The amount of land a farmer could manage was restricted by time. He could have only so many dairy cattle because of the time it took to milk them by hand. Working the fields took much more time. “Hitching the horses took time,” John said.
In those days no passes were made over a field spreading processed chemical fertilizers, herbicides and pesticides. Instead of fertilizing a farmer would rotate in clover every few years and then plow it into the ground after it had matured. The ground wasn’t worked all at once as it is now. Today the contours of the ground have often been changed or there has been work done to ease drainage. “There used to be sloughs you couldn’t work in the spring,” John said.
In the fall, the crops were shocked and stacked. On many farms that was going on until the early 1950s. Since 1940, the combine had started to make inroads. “I remember it,” Krogman said. “After you’d cut the grain, you’d put it up in shocks. There were six bundled to a shock. You’d make a circle and stack it to a peak so it would shed rain. There was a trick to it.”
Once the grain was dry enough, it could be threshed. A huge machine separated the grain from the stocks[i.e., stalks]. Today combines do many operations at once. Throughout the area there were rings—groups of five, six or seven farmers who owned a steam powered tractor together and moved in crews from farm to farm at threshing time. “When I was 15 years old I was hauling bundles muself. We had to load alone, a hay rack was pulled by horses. We’d wear goggles, that was a dirty job.”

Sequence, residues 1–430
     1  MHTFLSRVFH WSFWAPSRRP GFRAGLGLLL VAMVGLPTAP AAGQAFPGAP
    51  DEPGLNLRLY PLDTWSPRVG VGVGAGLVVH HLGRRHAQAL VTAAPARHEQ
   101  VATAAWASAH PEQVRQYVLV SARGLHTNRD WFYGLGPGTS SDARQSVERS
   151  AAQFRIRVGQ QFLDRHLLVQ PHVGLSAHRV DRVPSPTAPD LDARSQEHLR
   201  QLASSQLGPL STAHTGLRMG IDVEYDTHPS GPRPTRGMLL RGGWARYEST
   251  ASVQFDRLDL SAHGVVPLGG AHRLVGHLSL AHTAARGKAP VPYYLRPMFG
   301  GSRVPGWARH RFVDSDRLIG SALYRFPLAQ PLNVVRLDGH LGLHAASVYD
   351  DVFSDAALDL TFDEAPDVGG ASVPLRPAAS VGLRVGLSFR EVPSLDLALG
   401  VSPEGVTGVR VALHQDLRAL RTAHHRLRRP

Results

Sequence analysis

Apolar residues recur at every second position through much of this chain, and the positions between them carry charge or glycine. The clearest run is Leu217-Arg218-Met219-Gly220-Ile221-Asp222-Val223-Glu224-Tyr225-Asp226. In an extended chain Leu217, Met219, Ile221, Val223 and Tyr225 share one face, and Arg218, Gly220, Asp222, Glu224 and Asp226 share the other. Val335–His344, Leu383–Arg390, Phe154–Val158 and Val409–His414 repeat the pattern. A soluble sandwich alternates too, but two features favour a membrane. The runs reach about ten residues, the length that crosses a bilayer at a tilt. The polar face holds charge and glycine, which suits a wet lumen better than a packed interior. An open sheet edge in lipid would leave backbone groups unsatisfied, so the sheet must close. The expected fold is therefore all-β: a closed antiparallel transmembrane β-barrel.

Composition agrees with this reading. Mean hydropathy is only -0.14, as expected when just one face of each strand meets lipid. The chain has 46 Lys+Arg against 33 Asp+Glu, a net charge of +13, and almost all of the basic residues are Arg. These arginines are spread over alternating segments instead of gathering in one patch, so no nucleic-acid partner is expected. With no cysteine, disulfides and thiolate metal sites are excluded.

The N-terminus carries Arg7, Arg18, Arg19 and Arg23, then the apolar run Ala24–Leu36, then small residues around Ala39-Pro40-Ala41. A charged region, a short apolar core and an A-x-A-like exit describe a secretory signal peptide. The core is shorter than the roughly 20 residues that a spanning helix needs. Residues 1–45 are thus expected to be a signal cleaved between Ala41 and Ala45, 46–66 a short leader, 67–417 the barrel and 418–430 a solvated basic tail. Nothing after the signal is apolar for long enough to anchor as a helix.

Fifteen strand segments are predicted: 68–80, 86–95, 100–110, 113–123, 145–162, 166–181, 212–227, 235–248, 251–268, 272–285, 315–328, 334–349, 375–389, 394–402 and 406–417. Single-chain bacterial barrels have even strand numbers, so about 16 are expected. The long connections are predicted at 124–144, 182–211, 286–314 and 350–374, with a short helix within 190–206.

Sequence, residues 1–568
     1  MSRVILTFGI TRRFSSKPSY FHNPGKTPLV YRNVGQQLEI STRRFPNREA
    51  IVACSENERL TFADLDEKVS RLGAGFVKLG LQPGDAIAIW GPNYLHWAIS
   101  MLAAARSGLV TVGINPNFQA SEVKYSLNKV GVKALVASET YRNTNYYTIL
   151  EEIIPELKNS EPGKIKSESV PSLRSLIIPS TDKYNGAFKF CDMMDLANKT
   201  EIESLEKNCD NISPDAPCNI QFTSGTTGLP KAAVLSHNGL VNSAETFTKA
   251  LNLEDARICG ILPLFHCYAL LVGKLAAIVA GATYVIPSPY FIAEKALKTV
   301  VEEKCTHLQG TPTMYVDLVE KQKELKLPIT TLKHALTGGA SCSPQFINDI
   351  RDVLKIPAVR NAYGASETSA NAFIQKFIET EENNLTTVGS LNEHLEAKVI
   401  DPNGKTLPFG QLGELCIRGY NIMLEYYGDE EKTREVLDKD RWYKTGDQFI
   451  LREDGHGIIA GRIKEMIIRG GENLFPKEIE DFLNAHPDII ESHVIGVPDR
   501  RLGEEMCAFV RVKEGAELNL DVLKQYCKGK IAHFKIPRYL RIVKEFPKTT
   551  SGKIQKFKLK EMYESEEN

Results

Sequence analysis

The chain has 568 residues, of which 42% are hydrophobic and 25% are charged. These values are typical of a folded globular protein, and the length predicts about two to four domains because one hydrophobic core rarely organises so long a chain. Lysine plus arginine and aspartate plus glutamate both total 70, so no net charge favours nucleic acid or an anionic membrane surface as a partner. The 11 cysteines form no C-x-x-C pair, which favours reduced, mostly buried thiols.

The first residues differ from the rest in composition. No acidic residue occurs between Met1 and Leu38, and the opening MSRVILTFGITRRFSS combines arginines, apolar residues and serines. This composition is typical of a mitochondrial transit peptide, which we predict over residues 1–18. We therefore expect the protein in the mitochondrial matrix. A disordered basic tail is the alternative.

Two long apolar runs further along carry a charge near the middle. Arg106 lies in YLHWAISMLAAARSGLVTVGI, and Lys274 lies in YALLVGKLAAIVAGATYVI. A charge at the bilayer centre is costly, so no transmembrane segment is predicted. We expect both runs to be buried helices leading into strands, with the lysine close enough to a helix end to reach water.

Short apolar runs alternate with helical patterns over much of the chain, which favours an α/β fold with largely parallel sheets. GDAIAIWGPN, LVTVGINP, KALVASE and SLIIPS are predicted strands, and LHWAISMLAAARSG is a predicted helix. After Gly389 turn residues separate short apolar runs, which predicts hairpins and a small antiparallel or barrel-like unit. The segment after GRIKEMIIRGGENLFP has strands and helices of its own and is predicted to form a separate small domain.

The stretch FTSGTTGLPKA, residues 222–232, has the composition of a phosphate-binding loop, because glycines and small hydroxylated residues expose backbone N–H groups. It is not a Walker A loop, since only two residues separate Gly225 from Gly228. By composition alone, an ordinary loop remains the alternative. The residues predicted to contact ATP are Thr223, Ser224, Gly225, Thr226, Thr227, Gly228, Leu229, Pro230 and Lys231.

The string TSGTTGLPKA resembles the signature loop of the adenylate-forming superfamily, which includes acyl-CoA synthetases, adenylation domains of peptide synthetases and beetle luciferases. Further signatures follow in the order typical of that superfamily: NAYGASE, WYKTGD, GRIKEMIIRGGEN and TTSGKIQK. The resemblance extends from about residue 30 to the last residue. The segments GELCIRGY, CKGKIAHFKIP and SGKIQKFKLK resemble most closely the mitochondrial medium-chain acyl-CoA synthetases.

Farm women in those days didn’t have it easy either. At threshing time there were meals to fix for all of the workers. It was the farm women who kept the family garden and who did the canning so there was enough food through the year. There were no water systems so that would mean work at the pump.
The heating systems of the time were tended by the women. They would bring coal, wood or cobs into the house. “During the day you’d try to get in what you’d use for the evening to try and keep the furnace going,” Margaret Scholten said. There was an ice box then and it would take a trip into town to get a large block of ice for it. While the men were in the field, “We’d stay home and take care of everything, the chickens and stuff like that.” In that time there wasn’t a need for a lawn mower, the chickens kept the grass in the yard down.